Coca-Cola India warns of factory closures if 'sin tax' is implemented

The Indian subsidiary of Coca-Cola Co said yesterday it may have to close some bottling plants if the government pushes through a proposal that would subject fizzy drinks to a 40% ‘sin tax’.

Coca-Cola India warns of factory closures if 'sin tax' is implemented

The government’s proposal is part of a broader fiscal overhaul. The beverage maker operates 57 factories and bottling plants across India.

It said a proposal to group sugary sodas with higher-taxed luxury cars and tobacco would hurt demand for its drinks.

“It will lead to a sharp decline in consumer purchase,” Coca-Cola India said.

“In these circumstances, we will have no option but to consider shutting down certain factories.”

India’s ruling party is trying to push a national goods and services tax through parliament.

The tax would replace a myriad of state sales taxes and shake-up government revenue.

A government-appointed panel examining the new tax has suggested a standard rate of 17% to 18%, and a higher tax of 40% on some goods, including the carbonated drinks Coca-Cola sells.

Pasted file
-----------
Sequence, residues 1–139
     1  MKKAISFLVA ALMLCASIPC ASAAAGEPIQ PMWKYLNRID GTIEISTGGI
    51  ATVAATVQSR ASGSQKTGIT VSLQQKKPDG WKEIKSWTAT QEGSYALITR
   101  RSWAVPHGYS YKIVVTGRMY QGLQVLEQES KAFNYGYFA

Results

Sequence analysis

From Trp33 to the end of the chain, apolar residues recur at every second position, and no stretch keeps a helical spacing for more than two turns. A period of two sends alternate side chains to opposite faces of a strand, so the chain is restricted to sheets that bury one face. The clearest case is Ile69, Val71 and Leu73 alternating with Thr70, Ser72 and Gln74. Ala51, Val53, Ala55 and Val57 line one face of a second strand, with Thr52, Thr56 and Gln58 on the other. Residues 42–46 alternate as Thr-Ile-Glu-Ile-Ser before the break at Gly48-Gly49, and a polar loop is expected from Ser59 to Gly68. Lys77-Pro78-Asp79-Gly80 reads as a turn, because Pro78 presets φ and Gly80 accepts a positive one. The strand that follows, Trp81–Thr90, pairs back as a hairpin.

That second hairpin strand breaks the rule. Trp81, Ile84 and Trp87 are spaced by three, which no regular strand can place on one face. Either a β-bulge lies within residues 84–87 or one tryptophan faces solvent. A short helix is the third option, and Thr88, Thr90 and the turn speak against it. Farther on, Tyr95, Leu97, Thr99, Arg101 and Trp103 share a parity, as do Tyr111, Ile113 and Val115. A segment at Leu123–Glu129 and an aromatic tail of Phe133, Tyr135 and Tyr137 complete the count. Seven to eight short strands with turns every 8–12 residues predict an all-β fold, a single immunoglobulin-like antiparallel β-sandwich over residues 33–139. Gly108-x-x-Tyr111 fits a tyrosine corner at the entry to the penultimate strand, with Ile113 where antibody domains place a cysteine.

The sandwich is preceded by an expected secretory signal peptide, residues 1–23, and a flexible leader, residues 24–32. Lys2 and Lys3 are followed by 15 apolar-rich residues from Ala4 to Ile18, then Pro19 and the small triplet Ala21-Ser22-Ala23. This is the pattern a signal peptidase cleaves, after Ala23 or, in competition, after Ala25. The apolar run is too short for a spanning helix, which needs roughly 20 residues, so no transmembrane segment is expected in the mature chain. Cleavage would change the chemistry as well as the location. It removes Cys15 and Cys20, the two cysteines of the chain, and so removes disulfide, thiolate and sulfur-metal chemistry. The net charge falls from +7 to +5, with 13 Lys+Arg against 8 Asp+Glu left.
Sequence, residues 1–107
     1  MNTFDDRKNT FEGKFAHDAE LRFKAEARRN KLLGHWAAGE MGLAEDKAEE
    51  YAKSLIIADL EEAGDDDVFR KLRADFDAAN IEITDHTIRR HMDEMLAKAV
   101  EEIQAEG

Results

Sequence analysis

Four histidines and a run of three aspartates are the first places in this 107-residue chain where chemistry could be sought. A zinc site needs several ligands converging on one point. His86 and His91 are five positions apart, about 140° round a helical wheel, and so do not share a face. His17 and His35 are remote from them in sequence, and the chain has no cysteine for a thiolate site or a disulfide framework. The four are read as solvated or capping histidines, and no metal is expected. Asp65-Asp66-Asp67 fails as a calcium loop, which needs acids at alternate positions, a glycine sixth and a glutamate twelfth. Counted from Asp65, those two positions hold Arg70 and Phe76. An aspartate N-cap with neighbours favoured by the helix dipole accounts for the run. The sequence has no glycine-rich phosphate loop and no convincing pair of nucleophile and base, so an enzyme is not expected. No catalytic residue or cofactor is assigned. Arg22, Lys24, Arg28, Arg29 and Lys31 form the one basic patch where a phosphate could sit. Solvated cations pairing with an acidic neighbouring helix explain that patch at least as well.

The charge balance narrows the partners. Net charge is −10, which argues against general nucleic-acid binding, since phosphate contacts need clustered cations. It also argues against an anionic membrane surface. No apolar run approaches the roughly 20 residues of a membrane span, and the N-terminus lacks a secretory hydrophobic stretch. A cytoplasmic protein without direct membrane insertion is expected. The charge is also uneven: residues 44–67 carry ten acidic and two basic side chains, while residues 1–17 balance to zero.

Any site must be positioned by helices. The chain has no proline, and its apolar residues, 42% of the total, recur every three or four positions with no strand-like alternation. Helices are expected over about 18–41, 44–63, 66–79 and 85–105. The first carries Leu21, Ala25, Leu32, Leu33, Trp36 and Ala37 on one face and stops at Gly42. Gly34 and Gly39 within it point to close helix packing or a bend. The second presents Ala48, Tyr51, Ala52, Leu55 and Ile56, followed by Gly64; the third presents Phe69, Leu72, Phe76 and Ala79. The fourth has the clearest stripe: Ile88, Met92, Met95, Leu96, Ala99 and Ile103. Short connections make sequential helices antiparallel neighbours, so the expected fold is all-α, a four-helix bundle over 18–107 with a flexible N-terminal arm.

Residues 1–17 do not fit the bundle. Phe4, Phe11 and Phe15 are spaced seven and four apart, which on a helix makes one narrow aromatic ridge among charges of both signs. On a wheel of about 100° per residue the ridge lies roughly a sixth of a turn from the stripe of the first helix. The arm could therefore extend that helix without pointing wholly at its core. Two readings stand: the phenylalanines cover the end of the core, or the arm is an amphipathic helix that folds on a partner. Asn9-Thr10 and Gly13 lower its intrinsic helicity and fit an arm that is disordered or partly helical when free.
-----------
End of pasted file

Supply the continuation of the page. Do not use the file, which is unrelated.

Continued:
Coca-Cola rival PepsiCo Inc in India did not respond to a request for comment.

Several countries are debating so-called ‘sugar taxes’ to tackle obesity and encourage healthier lifestyles. While more than a fifth of India’s population lives below the official poverty line, the country is home to the third-highest population of obese people after the US and China.

Coca-Cola India employs 25,000 staff.

It said it is on course to invest $5bn (€4.55bn) by 2020 as it looks to raise production to target a growing middle class.

The company re-entered India after economic liberalisation in the early 1990s. It has at times had a tricky relationship with local authorities.

In Britain, lawmakers last month urged the government to introduce tough measures, including a tax on sugary drinks and controls on price promotions for unhealthy food and drink, to help tackle childhood obesity.

The UK parliament’s health committee said there was “clear evidence that measures to improve the food environment” must be used to tackle obesity, treatment of which costs the state-run health service £5.1bn a year.

However, a spokesman for David Cameron said the prime minister did not think a sugar tax was “the right course of action” and that his government would unveil a national childhood obesity strategy in the New Year to set out its preferred measures.

The committee also said there should be tougher controls on the marketing and advertising of such food and drink and that labels should show sugar content in teaspoons, among other measures.

“One third of children leaving primary school are overweight or obese, and the most deprived children are twice as likely to be obese than the least deprived,” said Sarah Wollaston, chairwoman of the committee.


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